The typical form of ALS with upper and lower motoneuron involvement and progressive bulbar paralysis with bulbar muscle involvement is observed and survival may be prolonged based on prompt diagnosis, ALS subtype and proper management with supportive treatment.



Is tracheostomy still an option in amyotrophic lateral sclerosis? Reflections of a multidisciplinary work group.

Current practice in Switzerland and France tends to discourage the use of TPPV in ALS, and improved management of secretions and use of different interfaces allows NIV to be used 24-hours-a-day for prolonged periods, thus avoidingTPPV in many cases.

Practice Parameter update: The care of the patient with amyotrophic lateral sclerosis: Multidisciplinary care, symptom management, and cognitive/behavioral impairment (an evidence-based review)

Objective: To systematically review evidence bearing on the management of patients with amyotrophic lateral sclerosis (ALS). Methods: The authors analyzed studies from 1998 to 2007 to update the 1999

Is There a Role for Exercise in the Management of Bulbar Dysfunction in Amyotrophic Lateral Sclerosis?

  • E. Plowman
  • Medicine, Psychology
    Journal of speech, language, and hearing research : JSLHR
  • 2015
Insufficient data exist to support or refute the role of exercise in the management of bulbar dysfunction in PALS, and this represents a critical area of future investigation.

Riluzole for amyotrophic lateral sclerosis (ALS)/motor neuron disease (MND).

Riluzole 100 mg per day appears to be modestly effective in prolonging survival for patients with ALS.

Depression and Anxiety in Individuals with Amyotrophic Lateral Sclerosis

Evidence from other patient groups, such as elderly patients diagnosed with major depressive disorder, suggests that a combination of both therapies has the potential to also improve depression and anxiety in patients with ALS.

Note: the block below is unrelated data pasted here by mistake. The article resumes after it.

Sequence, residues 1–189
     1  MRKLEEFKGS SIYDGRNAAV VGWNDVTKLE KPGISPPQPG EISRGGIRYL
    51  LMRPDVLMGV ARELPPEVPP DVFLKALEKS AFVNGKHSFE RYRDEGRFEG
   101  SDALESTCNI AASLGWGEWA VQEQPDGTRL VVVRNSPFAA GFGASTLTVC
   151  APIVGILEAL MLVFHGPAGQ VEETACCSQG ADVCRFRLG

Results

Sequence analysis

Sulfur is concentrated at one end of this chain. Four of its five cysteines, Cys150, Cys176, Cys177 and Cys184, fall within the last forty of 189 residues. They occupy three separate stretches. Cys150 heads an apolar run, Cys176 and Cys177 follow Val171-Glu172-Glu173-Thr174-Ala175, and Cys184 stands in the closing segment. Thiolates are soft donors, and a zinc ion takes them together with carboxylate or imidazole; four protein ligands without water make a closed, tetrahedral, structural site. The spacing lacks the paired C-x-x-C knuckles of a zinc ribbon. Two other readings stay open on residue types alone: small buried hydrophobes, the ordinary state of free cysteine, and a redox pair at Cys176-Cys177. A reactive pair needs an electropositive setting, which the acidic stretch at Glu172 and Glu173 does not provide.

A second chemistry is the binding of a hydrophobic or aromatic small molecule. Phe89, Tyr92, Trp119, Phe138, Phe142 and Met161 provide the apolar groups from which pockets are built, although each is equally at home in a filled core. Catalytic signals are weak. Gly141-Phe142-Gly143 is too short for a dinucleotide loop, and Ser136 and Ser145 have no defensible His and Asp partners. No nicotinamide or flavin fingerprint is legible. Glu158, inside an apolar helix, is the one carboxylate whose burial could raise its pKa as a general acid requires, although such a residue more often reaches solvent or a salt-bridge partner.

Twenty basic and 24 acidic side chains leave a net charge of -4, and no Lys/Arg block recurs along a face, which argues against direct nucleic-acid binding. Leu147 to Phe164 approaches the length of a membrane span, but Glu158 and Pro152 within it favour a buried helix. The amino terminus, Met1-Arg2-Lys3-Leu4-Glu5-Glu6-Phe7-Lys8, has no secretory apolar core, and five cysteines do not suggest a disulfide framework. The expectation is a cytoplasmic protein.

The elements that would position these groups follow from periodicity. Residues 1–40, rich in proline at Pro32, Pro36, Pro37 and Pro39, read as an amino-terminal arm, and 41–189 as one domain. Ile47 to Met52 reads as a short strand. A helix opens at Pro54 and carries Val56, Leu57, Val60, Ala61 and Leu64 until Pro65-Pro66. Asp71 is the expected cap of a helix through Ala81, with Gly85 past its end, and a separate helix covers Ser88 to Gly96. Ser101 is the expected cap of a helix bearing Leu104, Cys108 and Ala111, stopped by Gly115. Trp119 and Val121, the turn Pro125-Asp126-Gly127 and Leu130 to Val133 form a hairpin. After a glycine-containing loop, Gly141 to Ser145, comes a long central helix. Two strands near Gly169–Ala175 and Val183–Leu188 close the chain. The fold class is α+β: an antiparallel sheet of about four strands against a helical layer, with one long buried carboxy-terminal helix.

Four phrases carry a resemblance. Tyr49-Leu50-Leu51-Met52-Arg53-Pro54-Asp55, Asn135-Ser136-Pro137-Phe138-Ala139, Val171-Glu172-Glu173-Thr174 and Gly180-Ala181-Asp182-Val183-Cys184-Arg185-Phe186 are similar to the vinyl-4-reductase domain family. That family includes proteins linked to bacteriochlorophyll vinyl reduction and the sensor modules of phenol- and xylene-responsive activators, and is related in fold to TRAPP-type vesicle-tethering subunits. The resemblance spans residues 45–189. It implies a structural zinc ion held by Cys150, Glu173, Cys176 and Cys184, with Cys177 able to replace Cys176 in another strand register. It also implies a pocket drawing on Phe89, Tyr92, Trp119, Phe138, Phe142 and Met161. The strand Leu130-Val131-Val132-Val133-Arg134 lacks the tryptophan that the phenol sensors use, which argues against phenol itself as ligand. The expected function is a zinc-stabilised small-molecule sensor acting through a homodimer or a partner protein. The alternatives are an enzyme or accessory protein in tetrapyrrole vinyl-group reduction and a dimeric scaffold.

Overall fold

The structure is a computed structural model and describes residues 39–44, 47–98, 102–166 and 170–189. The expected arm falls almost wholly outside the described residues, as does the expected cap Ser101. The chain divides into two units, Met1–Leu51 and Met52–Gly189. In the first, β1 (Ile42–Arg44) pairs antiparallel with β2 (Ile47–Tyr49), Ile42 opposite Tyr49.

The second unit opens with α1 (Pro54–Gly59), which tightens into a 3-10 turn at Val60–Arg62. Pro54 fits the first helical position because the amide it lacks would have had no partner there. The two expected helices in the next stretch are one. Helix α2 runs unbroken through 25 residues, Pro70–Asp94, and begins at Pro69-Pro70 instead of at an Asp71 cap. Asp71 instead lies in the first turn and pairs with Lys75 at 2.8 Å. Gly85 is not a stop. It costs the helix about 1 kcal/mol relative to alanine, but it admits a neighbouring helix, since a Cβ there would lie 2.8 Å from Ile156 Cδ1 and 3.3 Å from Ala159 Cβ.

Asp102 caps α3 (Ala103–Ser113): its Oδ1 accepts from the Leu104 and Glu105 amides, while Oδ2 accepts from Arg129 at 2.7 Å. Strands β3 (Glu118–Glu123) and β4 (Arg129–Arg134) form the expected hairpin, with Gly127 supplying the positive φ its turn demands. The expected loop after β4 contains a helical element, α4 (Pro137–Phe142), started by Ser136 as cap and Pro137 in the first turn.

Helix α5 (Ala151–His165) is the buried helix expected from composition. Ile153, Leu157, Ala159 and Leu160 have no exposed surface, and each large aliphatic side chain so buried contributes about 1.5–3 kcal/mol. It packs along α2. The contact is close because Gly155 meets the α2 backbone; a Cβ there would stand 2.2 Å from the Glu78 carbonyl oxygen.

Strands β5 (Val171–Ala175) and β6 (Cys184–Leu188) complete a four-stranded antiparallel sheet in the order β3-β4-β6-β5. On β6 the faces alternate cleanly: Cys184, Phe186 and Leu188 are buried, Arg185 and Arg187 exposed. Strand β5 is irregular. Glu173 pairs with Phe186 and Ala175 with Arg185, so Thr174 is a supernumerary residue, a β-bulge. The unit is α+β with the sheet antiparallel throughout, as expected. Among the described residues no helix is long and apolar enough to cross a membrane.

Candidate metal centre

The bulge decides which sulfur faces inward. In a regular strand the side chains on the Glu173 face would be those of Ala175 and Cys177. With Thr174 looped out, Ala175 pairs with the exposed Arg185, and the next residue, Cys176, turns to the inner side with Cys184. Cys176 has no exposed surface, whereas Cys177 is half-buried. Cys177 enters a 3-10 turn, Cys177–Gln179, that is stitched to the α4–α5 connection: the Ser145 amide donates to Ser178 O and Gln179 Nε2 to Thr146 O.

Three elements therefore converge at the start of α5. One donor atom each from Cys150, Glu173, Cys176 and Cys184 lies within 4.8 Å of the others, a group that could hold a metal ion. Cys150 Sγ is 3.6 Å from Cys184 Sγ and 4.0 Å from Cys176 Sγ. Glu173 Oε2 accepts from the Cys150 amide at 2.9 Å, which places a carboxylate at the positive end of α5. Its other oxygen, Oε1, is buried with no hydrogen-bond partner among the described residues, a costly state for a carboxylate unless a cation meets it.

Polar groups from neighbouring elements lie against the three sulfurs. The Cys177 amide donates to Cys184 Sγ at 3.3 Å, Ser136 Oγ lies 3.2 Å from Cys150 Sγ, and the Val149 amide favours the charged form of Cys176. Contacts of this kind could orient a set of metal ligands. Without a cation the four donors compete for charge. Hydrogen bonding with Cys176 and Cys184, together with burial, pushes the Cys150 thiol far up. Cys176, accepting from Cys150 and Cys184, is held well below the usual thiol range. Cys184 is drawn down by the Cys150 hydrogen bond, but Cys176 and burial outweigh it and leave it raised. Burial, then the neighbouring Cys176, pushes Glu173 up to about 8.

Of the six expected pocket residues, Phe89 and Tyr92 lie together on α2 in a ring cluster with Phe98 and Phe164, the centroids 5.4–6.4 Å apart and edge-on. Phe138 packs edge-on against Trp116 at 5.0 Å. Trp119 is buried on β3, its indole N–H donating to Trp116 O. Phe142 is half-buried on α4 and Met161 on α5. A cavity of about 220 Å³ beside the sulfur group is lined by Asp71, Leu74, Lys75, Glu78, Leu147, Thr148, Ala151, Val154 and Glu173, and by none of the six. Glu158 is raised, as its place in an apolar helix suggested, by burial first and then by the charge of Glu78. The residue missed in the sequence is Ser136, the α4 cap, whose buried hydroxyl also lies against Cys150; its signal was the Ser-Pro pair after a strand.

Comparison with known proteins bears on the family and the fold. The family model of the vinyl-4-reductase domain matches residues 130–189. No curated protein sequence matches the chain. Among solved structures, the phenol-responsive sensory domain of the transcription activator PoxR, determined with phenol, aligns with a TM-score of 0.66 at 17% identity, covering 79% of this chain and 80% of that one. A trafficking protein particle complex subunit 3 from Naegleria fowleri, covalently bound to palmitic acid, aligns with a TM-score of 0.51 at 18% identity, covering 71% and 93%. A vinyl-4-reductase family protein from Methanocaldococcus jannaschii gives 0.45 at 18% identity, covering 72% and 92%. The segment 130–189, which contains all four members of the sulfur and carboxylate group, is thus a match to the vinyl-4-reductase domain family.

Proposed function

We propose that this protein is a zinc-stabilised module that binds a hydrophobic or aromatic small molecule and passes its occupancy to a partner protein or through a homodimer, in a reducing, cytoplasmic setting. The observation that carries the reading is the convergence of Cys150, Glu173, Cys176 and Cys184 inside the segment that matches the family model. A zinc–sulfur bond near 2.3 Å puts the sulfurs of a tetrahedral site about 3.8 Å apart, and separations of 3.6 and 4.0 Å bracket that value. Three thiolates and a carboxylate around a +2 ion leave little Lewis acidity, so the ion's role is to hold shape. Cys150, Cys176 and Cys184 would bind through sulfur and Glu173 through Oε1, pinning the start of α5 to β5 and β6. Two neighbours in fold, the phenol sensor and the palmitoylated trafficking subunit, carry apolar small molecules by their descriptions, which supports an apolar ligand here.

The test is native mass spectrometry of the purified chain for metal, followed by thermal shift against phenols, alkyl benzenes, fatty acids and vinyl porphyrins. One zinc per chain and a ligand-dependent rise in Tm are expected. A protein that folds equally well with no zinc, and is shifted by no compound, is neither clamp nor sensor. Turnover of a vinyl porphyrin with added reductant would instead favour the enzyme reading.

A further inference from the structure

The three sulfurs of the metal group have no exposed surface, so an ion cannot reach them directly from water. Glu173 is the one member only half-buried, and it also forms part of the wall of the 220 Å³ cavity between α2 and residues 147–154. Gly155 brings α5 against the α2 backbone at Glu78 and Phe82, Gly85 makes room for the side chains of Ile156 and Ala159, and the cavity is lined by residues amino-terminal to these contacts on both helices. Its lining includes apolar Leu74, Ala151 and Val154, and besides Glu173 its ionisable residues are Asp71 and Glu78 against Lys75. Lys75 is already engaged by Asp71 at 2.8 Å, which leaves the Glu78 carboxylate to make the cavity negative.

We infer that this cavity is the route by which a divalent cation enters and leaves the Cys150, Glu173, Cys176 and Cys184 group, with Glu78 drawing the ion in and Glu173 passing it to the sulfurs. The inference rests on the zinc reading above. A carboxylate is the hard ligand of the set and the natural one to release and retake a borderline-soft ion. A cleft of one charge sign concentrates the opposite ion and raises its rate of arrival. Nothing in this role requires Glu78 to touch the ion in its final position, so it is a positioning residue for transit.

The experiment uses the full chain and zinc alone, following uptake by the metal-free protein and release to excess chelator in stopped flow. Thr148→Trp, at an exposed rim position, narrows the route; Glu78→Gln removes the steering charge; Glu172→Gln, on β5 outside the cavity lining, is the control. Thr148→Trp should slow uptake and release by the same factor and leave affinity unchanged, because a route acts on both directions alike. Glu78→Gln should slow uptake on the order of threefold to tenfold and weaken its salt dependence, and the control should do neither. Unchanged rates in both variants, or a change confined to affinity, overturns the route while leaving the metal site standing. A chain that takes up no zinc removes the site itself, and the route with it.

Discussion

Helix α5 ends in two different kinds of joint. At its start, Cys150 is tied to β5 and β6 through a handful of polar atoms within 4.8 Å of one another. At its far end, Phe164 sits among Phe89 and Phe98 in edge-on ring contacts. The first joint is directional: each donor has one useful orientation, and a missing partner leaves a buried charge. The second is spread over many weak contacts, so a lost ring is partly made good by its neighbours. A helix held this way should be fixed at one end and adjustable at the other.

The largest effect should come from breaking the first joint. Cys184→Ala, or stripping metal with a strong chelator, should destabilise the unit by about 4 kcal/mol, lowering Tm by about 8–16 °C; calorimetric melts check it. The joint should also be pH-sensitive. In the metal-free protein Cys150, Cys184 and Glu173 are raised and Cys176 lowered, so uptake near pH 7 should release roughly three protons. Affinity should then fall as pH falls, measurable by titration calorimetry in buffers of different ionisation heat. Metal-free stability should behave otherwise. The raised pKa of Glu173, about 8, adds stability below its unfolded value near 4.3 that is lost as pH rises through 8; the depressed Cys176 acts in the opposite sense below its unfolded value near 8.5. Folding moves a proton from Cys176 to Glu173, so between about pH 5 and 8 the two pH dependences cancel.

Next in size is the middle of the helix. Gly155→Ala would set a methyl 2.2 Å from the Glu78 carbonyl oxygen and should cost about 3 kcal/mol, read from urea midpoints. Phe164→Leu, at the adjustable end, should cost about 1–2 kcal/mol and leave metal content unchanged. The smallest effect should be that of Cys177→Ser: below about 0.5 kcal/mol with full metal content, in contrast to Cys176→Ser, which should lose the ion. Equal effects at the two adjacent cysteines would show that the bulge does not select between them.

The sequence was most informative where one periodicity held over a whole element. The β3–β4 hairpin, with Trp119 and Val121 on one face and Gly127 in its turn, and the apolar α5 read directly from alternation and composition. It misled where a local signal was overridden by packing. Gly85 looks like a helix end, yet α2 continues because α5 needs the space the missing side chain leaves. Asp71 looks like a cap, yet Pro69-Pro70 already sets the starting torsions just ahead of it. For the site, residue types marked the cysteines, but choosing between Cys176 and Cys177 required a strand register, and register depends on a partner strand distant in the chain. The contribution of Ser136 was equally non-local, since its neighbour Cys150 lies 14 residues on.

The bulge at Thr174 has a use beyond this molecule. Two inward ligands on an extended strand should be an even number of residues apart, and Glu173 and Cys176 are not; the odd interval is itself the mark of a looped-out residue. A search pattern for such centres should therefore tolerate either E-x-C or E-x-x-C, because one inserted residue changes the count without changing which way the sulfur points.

Identifying who will benefit from non-invasive ventilation in amyotrophic lateral sclerosis/motor neurone disease in a clinical cohort

Data confirm that NIV improves survival in MND/ALS and the overall magnitude of benefit is 13 months and was largest in those with ALS-bulbar disease.

A multidisciplinary clinic approach improves survival in ALS: a comparative study of ALS in Ireland and Northern Ireland

It is proposed that multiple decision-making processes within a multidisciplinary setting lead to an enriched set of clinical encounters for the patient and carer that enhances clinical outcome.

Early treatment with noninvasive positive pressure ventilation prolongs survival in Amyotrophic Lateral Sclerosis patients with nocturnal respiratory insufficiency

Investigating 1 year survival of ALS patients with FVC < 75% and nocturnal respiratory insufficiency, treated with NPPV, compared to a well-matched population ofALS patients, demonstrates that early treatment with N PPV prolongs survival and reduces decline of FVC% in ALS.

Drug therapy for pain in amyotrophic lateral sclerosis or motor neuron disease.

No randomised or quasi-randomised controlled trials on drug therapy for pain in ALS or MND were found and further research on this important aspect of palliative care in ALS is needed.